How Do These Consumer Goods Companies Really Make Their Money?

As investors, we need to understand how our companies truly make their money. And there's a neat trick developed for just that purpose. It's called the Dupont Formula.

By using the Dupont Formula, you can get a better grasp on exactly where your company is producing its profit and where it might have a competitive advantage. Named after the company where it was pioneered, the Dupont Formula breaks down return on equity into three components.

Return on Equity = Net margins x Asset Turnover x Leverage ratio

High net margins show that a company is able to get customers to pay more for its products. Think luxury goods companies. High asset turnover indicates that a company needs to invest less of its capital, since it uses its assets more efficiently to generate sales. Think service industries, which often do not have high capital investments. Finally, the leverage ratio shows how much the company is relying on debt to create profit.

Generally, the higher these numbers, the better. Of course, too much debt can sink a company, so beware of companies with very high leverage ratios.

Let's take a look at Procter & Gamble (NYSE: PG  ) and a few of its sector and industry peers.

Company

Return on Equity (ROE)

Net Margins

Asset Turnover

Leverage Ratio

Procter & Gamble

17.0%

15.8%

0.58

2.10

Colgate-Palmolive (NYSE: CL  )

78.6%

14.1%

1.40

3.99

Clorox (NYSE: CLX  )

519.8%

12.0%

1.17

40.48

Prestige Brands (NYSE: PBH  )

10.7%

11.4%

0.38

2.39

Source: Capital IQ.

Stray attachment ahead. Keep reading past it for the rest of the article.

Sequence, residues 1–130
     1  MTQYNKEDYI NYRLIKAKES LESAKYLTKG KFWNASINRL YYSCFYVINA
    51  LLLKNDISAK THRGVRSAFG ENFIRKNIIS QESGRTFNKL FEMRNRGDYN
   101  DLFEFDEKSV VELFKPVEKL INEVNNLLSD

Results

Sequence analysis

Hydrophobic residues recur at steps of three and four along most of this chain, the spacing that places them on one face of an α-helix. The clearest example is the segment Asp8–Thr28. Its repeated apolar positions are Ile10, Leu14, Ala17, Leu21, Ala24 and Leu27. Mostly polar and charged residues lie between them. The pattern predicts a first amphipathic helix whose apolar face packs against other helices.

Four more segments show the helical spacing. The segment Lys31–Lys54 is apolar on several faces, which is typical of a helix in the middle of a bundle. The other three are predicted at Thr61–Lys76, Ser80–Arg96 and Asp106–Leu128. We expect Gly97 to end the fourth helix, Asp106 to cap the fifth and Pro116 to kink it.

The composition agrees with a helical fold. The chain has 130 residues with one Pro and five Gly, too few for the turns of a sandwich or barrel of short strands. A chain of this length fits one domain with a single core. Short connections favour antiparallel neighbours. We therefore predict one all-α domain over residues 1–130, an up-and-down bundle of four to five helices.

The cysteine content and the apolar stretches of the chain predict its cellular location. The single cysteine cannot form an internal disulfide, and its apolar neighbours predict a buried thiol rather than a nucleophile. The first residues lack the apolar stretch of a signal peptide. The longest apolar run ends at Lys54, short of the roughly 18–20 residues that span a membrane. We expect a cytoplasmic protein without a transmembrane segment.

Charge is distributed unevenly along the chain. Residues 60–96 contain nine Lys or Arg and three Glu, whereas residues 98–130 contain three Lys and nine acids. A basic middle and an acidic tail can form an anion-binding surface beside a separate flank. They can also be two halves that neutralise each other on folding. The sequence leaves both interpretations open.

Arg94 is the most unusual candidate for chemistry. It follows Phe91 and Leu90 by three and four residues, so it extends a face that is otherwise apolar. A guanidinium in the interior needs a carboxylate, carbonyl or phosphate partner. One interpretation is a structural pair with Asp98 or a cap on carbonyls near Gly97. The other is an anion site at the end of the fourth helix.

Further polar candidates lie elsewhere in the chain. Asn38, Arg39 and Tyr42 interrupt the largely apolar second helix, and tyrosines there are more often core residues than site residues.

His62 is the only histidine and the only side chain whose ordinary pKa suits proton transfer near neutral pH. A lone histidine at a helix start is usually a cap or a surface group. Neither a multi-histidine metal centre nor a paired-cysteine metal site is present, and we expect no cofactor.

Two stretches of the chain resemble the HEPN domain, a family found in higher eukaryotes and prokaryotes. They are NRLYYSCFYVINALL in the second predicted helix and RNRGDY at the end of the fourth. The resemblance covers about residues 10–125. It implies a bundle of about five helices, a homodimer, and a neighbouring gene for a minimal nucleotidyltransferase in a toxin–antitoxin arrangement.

Clorox's gaudy return on equity is certainly eye-catching, but its secret is pretty obvious: The company runs on a sliver of equity. Its margins are in the middle of the range and its asset turnover is not the highest. Colgate's ROE is comprised of relatively high measures (at least among this bunch): good margins, high asset turnover, and a high leverage ratio. Meanwhile, P&G relies more heavily on high-margin products to boost ROE, since it turns assets into sales much slower and runs its business with less leverage. Prestige Brands boosts its ROE with leverage, since its asset turnover is particularly low.

Breaking down a company's return on equity can often give you some insight into how it's competing against peers and what type of strategy it's using to juice its return on equity.

We Fools may not all hold the same opinions, but we all believe that considering a diverse range of insights makes us better investors.

Jim Royal, Ph.D., owns shares of P&G. Clorox and Procter & Gamble are Motley Fool Income Investor choices. The Fool owns shares of and has written covered calls on Procter & Gamble. The Fool owns shares of Prestige Brands. Try any of our Foolish newsletter services free for 30 days. The Motley Fool has a disclosure policy.


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